germinal

adjective

ger·​mi·​nal ˈjər-mə-nᵊl How to pronounce germinal (audio)
ˈjerm-nəl
1
a
: being in the earliest stage of development
2
: of, relating to, or having the characteristics of a germ cell or early embryo
germinally adverb

Example Sentences

Recent Examples on the Web Vinuesa and her team were able to figure out one key alternate pathway, one not involving the lymph node germinal center, with the help of a few Kikas. Isabella Cueto, STAT, 18 June 2022 Researchers showed last year that the elite school inside of lymph nodes where the B cells train, called the germinal center, remains active for at least 15 weeks after the second dose of a covid vaccine. Arkansas Online, 22 Feb. 2022 Researchers showed last year that the elite school inside of lymph nodes where the B cells train, called the germinal center, remains active for at least 15 weeks after the second dose of a Covid vaccine. New York Times, 21 Feb. 2022 But first those memory cells get trained in immune system boot camps called germinal centers, learning to do more than just make copies of their original antibodies. Carla K. Johnson, chicagotribune.com, 3 Jan. 2022 But offering up that refresher too often or too soon could be pointless, even slightly counterproductive, if active germinal centers are still doing their thing. Katherine J. Wu, The Atlantic, 21 Oct. 2021 According to scientists who conducted the study, this is a very positive sign since germinal centers normally peak one or two weeks after vaccination and then begin to decline, the New York Times reported. Siladitya Ray, Forbes, 28 June 2021 After infection with the coronavirus, the germinal center forms in the lungs. BostonGlobe.com, 28 June 2021 For example, Shiv Pillai, an immunologist at Harvard Medical School, studies lymph nodes and their germinal centers, where B cells refine antibodies to a specific pathogen. Fedor Kossakovski, Science, 29 Dec. 2020 See More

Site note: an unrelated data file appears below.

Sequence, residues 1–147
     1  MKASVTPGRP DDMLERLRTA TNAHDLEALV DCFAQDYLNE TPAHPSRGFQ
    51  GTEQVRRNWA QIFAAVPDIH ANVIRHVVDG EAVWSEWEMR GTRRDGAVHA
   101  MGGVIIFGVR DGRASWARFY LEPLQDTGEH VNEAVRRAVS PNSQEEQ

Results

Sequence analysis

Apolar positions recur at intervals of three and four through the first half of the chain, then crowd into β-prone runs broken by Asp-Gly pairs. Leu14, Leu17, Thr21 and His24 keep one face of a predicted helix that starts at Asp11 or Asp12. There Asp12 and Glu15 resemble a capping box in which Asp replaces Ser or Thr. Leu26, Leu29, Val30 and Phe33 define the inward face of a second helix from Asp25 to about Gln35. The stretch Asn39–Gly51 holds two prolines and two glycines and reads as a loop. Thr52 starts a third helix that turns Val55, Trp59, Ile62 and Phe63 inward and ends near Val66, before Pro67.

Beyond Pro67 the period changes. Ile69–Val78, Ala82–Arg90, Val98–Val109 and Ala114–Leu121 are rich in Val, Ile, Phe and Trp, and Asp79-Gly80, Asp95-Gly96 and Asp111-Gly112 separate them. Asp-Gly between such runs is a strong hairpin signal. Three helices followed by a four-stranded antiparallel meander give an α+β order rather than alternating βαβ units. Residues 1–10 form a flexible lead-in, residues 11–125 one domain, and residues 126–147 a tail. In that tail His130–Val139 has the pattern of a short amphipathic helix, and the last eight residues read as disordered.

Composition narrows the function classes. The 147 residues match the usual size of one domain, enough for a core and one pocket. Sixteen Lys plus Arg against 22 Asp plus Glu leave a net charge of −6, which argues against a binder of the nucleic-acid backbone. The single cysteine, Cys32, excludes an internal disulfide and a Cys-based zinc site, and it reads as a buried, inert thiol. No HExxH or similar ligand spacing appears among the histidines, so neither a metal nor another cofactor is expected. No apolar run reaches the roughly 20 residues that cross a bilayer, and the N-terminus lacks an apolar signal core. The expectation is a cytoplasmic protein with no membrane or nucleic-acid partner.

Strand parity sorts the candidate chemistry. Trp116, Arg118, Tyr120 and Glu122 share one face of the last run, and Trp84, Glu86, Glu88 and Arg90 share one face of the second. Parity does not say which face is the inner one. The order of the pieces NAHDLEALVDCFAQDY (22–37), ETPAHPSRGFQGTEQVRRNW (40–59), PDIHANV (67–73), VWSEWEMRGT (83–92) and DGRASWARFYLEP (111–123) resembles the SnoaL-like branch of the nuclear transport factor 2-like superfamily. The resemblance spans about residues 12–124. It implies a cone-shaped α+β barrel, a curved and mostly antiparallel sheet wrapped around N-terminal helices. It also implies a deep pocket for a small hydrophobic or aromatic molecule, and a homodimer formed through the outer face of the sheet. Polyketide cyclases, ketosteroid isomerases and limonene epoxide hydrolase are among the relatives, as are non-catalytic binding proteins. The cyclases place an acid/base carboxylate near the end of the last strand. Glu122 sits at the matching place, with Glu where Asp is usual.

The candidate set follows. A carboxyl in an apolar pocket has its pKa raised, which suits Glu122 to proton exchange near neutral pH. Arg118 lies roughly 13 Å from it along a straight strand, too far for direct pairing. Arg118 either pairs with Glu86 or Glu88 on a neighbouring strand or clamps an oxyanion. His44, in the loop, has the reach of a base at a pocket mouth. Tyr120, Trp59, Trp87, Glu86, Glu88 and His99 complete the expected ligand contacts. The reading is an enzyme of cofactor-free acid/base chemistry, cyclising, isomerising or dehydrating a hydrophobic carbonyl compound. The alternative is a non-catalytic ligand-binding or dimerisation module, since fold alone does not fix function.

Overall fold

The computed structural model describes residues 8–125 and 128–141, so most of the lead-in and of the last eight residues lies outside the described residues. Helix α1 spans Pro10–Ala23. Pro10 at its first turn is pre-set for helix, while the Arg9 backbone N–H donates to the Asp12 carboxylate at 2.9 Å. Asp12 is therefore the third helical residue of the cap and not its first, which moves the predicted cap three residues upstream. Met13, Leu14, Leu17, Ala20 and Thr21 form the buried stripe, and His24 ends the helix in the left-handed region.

These example sentences are selected automatically from various online news sources to reflect current usage of the word 'germinal.' Views expressed in the examples do not represent the opinion of Merriam-Webster or its editors. Send us feedback.

Word History

Etymology

French, from Latin germin-, germen — more at germ

First Known Use

1804, in the meaning defined at sense 1a

Time Traveler
The first known use of germinal was in 1804

Dictionary Entries Near germinal

Cite this Entry

“Germinal.” Merriam-Webster.com Dictionary, Merriam-Webster, https://www.merriam-webster.com/dictionary/germinal. Accessed 28 Jan. 2023.

Medical Definition

germinal

adjective
ger·​mi·​nal ˈjərm-nəl, -ən-ᵊl How to pronounce germinal (audio)
: of, relating to, or having the characteristics of a germ cell or early embryo
germinally adverb

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